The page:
Abstract: Modelling term-structure dynamics is an important component in measuring and managing the exposure of portfolios to adverse movements in interest rates. Model selection from the enormous term-structure literature is far from obvious and, to make matters worse, a number of recent papers have called into question the ability of some of the more popular models to adequately describe interest rate dynamics. The author, in attempting to find a relatively simple term-structure model that does a reasonable job of describing interest rate dynamics for risk-management purposes, examines two sets of models. The first set involves variations of the Gaussian affine term-structure model by modestly building on the recent work of Dai and Singleton (2000) and Duffee (2002). The second set includes and extends Diebold and Li (2003). After working through the mathematical derivation and estimation of these models, the author compares and contrasts their performance on a number of in- and out-of-sample forecasting metrics, their ability to capture deviations from the expectations hypothesis, and their predictions in a simple portfolio-optimization setting. He finds that the extended Nelson-Siegel model and an associated generalization, what he terms the "exponential-spline model," provide the most appealing modelling alternatives when considering the various model criteria.
    Keywords: Interest rates; Econometric and statistical methods; Financial markets
    JEL: C0 C6 E4 G1
    Date: 2006
  4. By: Horst Raff; Michael Ryan
    Abstract: This paper uses a proportional hazard model to study foreign direct investment by Japanese manufacturers in Europe between 1970 and 1994. We divide each firm’s investment total into a sequence of individual investment decisions and analyze how firm-specific characteristics affect each decision. We find that total factor productivity is a significant determinant of a firm’s initial and subsequent investments. Parent-firm size does not have a significant influence on the initial decision to invest. Large firms simply have more investments than smaller firms. Other firm-specific characteristics, such as the R&D intensity, export share and keiretsu membership, also play a role in the investment process.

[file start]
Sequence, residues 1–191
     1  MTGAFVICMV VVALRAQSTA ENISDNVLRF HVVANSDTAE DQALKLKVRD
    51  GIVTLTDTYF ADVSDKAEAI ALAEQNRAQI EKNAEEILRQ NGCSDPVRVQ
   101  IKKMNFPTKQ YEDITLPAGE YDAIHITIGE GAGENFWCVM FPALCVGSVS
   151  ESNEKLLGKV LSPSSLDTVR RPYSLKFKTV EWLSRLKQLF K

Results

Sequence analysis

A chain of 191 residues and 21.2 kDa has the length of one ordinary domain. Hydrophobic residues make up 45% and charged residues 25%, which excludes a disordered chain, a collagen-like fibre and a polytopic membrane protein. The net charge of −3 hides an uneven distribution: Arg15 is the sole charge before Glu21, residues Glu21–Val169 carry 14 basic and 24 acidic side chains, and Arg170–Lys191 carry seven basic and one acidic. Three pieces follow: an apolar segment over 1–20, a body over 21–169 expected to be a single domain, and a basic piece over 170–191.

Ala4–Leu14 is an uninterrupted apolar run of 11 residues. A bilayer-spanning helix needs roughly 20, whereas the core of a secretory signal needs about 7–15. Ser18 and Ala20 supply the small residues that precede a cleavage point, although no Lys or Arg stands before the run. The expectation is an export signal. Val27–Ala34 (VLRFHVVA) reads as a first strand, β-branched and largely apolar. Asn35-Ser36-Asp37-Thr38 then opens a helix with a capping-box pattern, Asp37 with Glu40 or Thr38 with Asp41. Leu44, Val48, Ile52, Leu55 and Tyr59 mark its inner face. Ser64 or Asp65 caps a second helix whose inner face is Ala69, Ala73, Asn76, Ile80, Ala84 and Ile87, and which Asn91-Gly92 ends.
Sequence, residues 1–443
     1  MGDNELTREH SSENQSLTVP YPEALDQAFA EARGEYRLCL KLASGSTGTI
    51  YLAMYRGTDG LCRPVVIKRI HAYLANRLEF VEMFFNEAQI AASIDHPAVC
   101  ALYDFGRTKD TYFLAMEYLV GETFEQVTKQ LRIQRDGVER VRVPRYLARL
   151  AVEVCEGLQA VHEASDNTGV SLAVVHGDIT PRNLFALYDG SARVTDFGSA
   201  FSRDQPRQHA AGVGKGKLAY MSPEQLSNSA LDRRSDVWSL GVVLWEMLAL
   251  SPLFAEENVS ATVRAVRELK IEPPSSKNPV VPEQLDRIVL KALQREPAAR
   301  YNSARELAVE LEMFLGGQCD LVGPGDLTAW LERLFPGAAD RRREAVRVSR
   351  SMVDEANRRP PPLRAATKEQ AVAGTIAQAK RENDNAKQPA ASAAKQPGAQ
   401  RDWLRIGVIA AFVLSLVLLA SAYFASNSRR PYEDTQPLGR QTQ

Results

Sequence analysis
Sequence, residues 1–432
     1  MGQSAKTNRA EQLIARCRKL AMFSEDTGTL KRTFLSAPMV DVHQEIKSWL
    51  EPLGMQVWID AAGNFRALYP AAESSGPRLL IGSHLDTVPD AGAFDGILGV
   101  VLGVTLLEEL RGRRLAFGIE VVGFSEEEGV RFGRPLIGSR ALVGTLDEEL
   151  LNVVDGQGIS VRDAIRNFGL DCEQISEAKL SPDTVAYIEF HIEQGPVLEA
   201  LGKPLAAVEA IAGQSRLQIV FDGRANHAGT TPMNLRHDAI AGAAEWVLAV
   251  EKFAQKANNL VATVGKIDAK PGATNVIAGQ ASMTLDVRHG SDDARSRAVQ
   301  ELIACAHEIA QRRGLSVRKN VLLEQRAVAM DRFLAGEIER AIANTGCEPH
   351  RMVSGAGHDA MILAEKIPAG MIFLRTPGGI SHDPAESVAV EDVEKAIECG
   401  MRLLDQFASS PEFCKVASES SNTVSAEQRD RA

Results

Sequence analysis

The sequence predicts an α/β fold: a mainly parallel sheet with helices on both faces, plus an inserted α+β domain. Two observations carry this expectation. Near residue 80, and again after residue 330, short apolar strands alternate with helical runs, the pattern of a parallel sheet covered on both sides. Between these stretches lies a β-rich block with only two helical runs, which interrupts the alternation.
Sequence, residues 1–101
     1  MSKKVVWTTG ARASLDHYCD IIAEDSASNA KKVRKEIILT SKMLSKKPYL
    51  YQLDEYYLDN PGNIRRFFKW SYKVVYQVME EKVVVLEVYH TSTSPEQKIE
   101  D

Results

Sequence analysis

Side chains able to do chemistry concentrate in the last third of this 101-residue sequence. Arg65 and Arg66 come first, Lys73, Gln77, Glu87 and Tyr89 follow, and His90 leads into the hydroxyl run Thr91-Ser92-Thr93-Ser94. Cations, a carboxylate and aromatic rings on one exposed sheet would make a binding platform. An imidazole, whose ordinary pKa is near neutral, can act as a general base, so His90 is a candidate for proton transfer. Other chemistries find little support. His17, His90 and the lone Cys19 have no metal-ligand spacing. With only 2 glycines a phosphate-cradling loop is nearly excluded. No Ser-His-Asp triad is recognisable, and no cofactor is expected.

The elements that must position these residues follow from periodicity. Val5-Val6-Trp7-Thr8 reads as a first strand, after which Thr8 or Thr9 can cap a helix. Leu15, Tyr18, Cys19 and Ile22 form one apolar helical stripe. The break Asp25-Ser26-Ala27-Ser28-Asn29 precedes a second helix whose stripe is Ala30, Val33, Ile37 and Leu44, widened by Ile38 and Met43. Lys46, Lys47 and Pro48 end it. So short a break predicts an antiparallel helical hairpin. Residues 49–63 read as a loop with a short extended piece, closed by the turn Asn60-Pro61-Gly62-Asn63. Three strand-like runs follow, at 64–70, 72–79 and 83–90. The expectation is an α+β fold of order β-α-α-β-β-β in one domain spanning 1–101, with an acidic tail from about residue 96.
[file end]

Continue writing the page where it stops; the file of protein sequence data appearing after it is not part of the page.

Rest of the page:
Keywords: foreign direct investment, productivity, hazard model, Japan, keiretsu
    JEL: F23 L20
    Date: 2006
  5. By: Dahlquist, Magnus; Robertsson, Göran; Rydqvist, Kristian
    Abstract: We study a large data set of stock portfolios held by individuals and organizations in the Swedish stock market. The dividend yields on these portfolios are systematically related to investors' relative tax preferences for dividends versus capital gains. Tax-neutral investors earn 40 basis points higher dividend yield on their portfolios than investors which face higher effective taxation of dividends than capital gains. We conclude that there are dividend tax clienteles in the market. We also argue that the abundant portfolio holdings by closely-held corporations, despite triple taxation at a combined marginal tax rate as high as 77.5%, is a consequence of taxation.
    Keywords: capital gains tax; dividend tax clienteles; stock ownership; Tax incidence
    JEL: G11 G35
    Date: 2006–12
  6. By: Eugene Amromin; Paul Harrison; Steven Sharpe
    Abstract: We test the hypothesis that the 2003 dividend tax cut boosted U.S. stock prices and thus lowered the cost of equity. Using an event- study methodology, we attempt to identify an aggregate stock market effect by comparing the behavior of U.S. common stock prices to that of European stocks and real estate investment trusts. We also examine the relative cross-sectional response of prices on high-dividend versus low-dividend paying stocks. We do not find any imprint of the dividend tax cut news on the value of the aggregate U.S. stock market. On the other hand, high-dividend stocks outperformed low-dividend stocks by a few percentage points over the event windows, suggesting that the tax cut did induce asset reallocation within equity portfolios. Finally, the positive abnormal returns on non-dividend paying U.S. stocks in 2003 do not appear to be tied to tax-cut news.
    Date: 2006